Because they’re inept. This is the only logical conclusion as it explains both how we got to where we are (Everything Bubble), and where we’ll be going shortly (Everything Bust).

      There is no middle ground with imbeciles, only boom and bust.

      • JeffD says:

        That last sentence belongs in Ecclesiastes if it’s not already there somewhere. Well said.

    • Harvey Mushman says:

      I probably would have agreed with you 10 months ago. But I am really seeing the effects of the rate increases first hand now and I don’t think they need to go any faster. Today my company laid off another 39 factory workers and some salaried workers too, but I don’t know how many. And this is just at two facilities, there are several more around the country. And I’m sure this is happening at a bunch of other companies. Be careful what you wish for… that “shock and awe” might bite you the A**.

    • grimp says:

      Had all rate cuts been undertaken with the same methodical cadence, it might be justifiable. The asymmetry of reductions and increases reveals the bias toward loose irresponsible reckless monetary policy.

    • Motorcycle Guy says:

      Depth Charge,

      I agree with you having lived through the Paul Volker years.

  2. Stephen says:

    10% inflation in the EU? It’s much higher than that – yes, that may be the rate out of Brussels, but not the actual rate at all.

    • Wolf Richter says:

      1. this is NOT the EU but the Eurozone (countries that use the euro), which is what the ECB is in charge of

      2. You have no idea because the rates vary from country to country and go as high as 24% in Estonia.

  3. DR DOOM says:

    Europe has decided on de-industrialization. No one voted for it in the Garden. The sounds of the Jungle are calling like Tarzan. BASF has heard the primal call as is responding.

  4. MF says:

    Wolf’s charts underline the fact that monetary policy changes take a *miminum* of 12 months to show up in the economy.

    We won’t know the effects of today’s increases until next year at this time.

  5. fred says:

    why the hel did all major CB (FED, ECB, JAPAN etc) allow all these derivates at all? warren Buffet warned a long time ago,
    Best Fred

  6. d says:

    To Fred: Yes Warren Buffet (and others) warned long ago that derivatives were ‘weapons of mass financial destruction’. Why was nothing done? Because the individuals who ‘play’ in this zone and live off it are the individuals that rule us.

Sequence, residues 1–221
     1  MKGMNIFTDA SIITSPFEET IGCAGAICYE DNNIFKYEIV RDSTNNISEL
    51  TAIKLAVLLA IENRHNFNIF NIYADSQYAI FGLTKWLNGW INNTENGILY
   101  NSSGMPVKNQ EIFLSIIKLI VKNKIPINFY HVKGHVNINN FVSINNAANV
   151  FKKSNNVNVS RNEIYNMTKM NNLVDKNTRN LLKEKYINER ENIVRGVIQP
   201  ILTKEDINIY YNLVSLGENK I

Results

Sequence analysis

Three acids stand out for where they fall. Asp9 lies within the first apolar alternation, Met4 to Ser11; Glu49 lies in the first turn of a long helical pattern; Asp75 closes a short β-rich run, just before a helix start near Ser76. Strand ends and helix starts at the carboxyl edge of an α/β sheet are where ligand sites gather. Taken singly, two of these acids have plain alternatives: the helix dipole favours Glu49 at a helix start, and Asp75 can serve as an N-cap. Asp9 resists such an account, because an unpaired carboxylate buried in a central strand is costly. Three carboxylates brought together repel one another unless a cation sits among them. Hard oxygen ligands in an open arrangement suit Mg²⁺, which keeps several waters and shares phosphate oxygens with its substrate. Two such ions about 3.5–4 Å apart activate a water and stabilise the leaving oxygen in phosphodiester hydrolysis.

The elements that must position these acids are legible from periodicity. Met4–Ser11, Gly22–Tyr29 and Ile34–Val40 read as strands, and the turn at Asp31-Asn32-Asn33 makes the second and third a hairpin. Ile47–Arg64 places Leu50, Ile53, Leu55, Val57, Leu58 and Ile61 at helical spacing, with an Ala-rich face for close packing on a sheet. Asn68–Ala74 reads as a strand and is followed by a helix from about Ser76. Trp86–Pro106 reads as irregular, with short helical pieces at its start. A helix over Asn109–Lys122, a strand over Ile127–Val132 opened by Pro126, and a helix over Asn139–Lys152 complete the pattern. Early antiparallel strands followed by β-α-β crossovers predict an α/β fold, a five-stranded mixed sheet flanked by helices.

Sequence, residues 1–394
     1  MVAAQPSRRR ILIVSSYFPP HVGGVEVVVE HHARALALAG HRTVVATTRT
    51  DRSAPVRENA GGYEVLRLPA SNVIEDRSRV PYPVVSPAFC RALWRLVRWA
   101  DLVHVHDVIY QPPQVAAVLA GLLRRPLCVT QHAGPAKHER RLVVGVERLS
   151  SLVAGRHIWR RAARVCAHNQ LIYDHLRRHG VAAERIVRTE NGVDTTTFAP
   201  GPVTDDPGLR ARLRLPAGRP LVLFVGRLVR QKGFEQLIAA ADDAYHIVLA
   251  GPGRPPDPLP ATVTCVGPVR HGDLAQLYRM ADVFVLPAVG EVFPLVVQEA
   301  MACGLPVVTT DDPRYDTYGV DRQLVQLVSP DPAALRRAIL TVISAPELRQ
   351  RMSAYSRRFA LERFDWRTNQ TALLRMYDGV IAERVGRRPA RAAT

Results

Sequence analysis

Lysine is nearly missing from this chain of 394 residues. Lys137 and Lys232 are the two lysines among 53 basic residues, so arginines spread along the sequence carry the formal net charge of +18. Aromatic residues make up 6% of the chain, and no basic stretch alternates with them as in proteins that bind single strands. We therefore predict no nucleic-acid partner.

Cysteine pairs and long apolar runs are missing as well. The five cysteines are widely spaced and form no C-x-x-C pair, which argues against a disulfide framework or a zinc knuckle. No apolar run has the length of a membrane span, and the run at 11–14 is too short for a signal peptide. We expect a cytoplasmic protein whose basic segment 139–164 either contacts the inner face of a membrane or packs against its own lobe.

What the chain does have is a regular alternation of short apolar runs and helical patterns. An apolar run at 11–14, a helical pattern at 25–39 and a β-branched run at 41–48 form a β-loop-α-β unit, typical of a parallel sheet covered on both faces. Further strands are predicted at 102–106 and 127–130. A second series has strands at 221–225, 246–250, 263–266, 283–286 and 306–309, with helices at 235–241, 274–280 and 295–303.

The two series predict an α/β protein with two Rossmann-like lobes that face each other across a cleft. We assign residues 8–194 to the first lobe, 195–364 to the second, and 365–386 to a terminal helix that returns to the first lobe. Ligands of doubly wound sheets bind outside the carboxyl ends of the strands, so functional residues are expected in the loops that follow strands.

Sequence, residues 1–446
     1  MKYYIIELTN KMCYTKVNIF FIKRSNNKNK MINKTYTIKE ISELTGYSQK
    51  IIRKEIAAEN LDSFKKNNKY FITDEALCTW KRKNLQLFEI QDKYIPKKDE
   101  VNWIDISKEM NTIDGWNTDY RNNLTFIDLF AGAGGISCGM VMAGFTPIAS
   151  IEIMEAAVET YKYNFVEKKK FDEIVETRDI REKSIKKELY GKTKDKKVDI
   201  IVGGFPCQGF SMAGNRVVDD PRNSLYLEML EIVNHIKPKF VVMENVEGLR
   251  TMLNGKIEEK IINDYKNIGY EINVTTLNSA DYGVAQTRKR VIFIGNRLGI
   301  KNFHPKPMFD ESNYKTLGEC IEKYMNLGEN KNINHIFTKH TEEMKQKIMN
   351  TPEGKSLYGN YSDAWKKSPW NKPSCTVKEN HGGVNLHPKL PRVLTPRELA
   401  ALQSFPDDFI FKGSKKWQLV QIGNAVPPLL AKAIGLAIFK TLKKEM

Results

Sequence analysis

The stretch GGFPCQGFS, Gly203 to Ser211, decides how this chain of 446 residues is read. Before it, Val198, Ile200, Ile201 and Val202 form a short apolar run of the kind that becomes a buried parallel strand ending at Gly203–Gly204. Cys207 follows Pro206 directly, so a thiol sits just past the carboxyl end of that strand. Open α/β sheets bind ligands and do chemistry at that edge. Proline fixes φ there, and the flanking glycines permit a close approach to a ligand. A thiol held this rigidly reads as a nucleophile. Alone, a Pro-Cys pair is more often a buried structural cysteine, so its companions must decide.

7. Mojer says:

    In the Eurozone the ridicule exploded where debts paid interest to debtors while creditors were laminated by the zero interest policy.
    Now this economic policy is back under the hammer of reality with runaway inflation.

  8. Volvo P-1800 says:

    News just in. Inflation was 11.9% in October in Italy. Not good.

  9. Col...'the farmer from NZ' says:

    Hi Wolf

    I posted a fairly long comment on this thread which loaded OK and it went off to moderation and that was the last I saw of it.

    Could you please explain why it was trashed so I don’t make similar future blunders?

    Cheers and thanks

    • Wolf Richter says:

      Yes, waaaaaaaaaay tooooooooooooooooooooooooo looooooooooooooooooooooog

      It was 2,400 words long. That’s about 3-4 times the length my normal articles. And about 10 times as long as the max length of a comment should be. That’s not what comments are for. If you want to publish something that long, you need to do it on your own blog.

      • Col...'the farmer from NZ' says:

        My apologies Wolf, and thanks for letting me know what the rules are.

  10. Cookdoggie says:

    “address unexpected and extraordinary inflation increases”

    Claiming this inflation is unexpected is really insulting isn’t it? They can’t be that dumb, so the only conclusion left is they are nothing but shills for the bankers. That makes me root for total chaos and destruction. Regardless of my pain, these clowns will lose a lot more.

Comments are closed.